Asset Protection refers to the area of law that concentrates on protecting and preserving your property from seizure by creditors and predators. Texas law itself provides a substantial amount of protection for certain assets. In most cases, these include your homestead, a specific amount of personal property, retirement accounts, 529 college savings accounts, life insurance and annuities. In our Asset Protection Program™, we counsel our asset protection clients on ways to maximize the benefit of these "exempt" items.
Other, "non-exempt" assets, can enjoy a large measure of protection by the use of legal structures such as family limited partnerships, limited liability companies and on-shore as well as off-shore irrevocable trusts (revocable living trusts, which are discussed under the Estate Planning portion of this section, are not asset protection trusts). Keeping your estate from being decimated by a lawsuit is a top priority for many of our clients. The law strongly discourages asset protection planning AFTER you become aware of a potential claim against you. It is imperative to begin your planning now, well in advance of any problem that could arise in the future. While no particular technique is "bullet-proof", with proper planning, a very large degree of protection and peace of mind can be achieved.
Statistically and anecdotally, we all know that the number of divorces, lawsuits and bankruptcies is staggering. While no one believes lightning will strike them, wealth created through a lifetime of work, saving and investing can be lost overnight if these forms of man-made lightning do strike. To protect your assets from such disaster, proper risk management strategies should be given careful consideration. These strategies include exempting your assets from the claims of creditors, limiting your liability through legal entities, and transferring your risk through insurance.
State and federal laws exempt some of your assets from the claims of creditors. In Texas you are allowed to choose the state or federal exemptions in bankruptcy.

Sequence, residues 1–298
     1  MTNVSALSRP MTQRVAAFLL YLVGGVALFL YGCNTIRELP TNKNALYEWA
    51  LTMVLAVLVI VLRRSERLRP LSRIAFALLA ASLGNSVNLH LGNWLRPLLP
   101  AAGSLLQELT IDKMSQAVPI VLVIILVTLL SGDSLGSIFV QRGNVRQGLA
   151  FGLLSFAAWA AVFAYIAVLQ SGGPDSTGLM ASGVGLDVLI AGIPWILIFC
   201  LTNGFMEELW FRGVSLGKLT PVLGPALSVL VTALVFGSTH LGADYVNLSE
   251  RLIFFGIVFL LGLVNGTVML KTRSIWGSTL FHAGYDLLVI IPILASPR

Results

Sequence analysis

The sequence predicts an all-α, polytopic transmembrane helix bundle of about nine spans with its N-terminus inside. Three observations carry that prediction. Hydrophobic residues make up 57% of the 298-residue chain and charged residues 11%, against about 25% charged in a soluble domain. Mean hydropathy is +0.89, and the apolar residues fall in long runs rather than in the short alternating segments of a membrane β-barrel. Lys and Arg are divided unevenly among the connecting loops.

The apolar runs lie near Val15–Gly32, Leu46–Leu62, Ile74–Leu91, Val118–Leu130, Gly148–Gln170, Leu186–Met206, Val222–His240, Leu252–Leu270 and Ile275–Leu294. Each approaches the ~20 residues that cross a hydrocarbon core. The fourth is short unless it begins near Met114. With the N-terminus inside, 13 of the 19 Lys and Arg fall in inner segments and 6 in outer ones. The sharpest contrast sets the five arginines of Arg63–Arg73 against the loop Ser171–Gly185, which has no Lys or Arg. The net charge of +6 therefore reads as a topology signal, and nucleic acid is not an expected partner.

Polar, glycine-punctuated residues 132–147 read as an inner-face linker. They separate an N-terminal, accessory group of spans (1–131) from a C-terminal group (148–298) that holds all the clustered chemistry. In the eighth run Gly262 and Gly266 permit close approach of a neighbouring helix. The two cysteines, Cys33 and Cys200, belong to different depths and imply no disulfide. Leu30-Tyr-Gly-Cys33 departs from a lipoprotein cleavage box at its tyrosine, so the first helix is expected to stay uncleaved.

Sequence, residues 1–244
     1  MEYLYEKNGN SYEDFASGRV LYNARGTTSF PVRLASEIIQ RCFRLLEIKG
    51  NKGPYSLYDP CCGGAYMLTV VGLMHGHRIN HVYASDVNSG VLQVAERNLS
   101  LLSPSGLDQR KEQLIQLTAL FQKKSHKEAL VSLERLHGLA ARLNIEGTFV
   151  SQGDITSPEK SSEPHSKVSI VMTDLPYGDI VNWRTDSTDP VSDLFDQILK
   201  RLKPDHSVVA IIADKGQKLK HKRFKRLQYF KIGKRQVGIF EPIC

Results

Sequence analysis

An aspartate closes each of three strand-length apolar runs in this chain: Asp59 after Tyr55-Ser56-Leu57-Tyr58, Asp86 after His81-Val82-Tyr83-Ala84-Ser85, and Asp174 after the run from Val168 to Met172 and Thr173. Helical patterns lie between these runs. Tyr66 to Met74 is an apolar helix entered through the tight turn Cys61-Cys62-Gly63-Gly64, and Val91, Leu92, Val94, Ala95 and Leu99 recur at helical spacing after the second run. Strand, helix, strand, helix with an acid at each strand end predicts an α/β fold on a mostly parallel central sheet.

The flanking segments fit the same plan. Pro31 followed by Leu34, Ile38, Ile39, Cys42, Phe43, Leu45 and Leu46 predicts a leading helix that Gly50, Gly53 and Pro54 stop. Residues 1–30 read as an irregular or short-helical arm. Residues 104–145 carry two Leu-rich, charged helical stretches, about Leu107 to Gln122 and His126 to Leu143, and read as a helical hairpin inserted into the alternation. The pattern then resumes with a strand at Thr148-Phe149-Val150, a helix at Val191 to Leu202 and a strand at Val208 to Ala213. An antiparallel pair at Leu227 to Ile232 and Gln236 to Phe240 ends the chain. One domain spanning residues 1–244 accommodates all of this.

Once you have identified the protected asset classes available to you under applicable law, it may be prudent to maximize your protection by converting non-exempt assets into exempt assets.
Many entrepreneurs operate their businesses as sole proprietors rather than through a legal entity, such as a Corporation or a Limited Liability Company. Whether their business is home-based or in the Fortune 500, these business owners are attracted by the informality of sole proprietorship. They also do not want to incur legal fees to create and maintain a legal entity. However, in addition to other advantages, conducting business through a legal entity may offer substantial risk management benefits.
While lawsuits brought against a sole proprietorship are really lawsuits against the owner's personal assets, lawsuits against a properly created and maintained legal entity are really lawsuits against the entity's assets. Nevertheless, the selection of an appropriate legal entity is critical for managing your risk.
When was the last time you reviewed the details of your liability insurance program with your insurance professionals? Are your policies current? Are the coverage limits adequate and are the deductibles reasonable? Have you scrutinized the policies for loopholes? Remember: the fundamental philosophy of any insurance coverage is to pay a premium you can afford to transfer a risk you cannot afford. Take time to understand both the risks you have retained and the risks you have transferred.
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